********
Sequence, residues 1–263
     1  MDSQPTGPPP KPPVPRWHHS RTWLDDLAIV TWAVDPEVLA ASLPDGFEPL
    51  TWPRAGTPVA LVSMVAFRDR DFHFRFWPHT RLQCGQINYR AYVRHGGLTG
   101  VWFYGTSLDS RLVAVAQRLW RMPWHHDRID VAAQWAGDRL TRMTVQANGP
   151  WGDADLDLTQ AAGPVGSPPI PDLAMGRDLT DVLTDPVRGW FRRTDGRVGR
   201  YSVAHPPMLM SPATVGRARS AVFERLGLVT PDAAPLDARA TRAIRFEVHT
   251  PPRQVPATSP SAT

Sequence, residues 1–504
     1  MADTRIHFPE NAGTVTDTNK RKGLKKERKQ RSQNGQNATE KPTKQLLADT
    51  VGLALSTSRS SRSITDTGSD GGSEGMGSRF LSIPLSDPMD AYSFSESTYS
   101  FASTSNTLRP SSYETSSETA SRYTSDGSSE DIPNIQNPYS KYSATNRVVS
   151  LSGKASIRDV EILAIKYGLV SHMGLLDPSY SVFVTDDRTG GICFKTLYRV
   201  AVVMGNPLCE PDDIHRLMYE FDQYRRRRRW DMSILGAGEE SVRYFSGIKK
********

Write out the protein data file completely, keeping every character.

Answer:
Sequence, residues 1–263
     1  MDSQPTGPPP KPPVPRWHHS RTWLDDLAIV TWAVDPEVLA ASLPDGFEPL
    51  TWPRAGTPVA LVSMVAFRDR DFHFRFWPHT RLQCGQINYR AYVRHGGLTG
   101  VWFYGTSLDS RLVAVAQRLW RMPWHHDRID VAAQWAGDRL TRMTVQANGP
   151  WGDADLDLTQ AAGPVGSPPI PDLAMGRDLT DVLTDPVRGW FRRTDGRVGR
   201  YSVAHPPMLM SPATVGRARS AVFERLGLVT PDAAPLDARA TRAIRFEVHT
   251  PPRQVPATSP SAT

Sequence, residues 1–504
     1  MADTRIHFPE NAGTVTDTNK RKGLKKERKQ RSQNGQNATE KPTKQLLADT
    51  VGLALSTSRS SRSITDTGSD GGSEGMGSRF LSIPLSDPMD AYSFSESTYS
   101  FASTSNTLRP SSYETSSETA SRYTSDGSSE DIPNIQNPYS KYSATNRVVS
   151  LSGKASIRDV EILAIKYGLV SHMGLLDPSY SVFVTDDRTG GICFKTLYRV
   201  AVVMGNPLCE PDDIHRLMYE FDQYRRRRRW DMSILGAGEE SVRYFSGIKK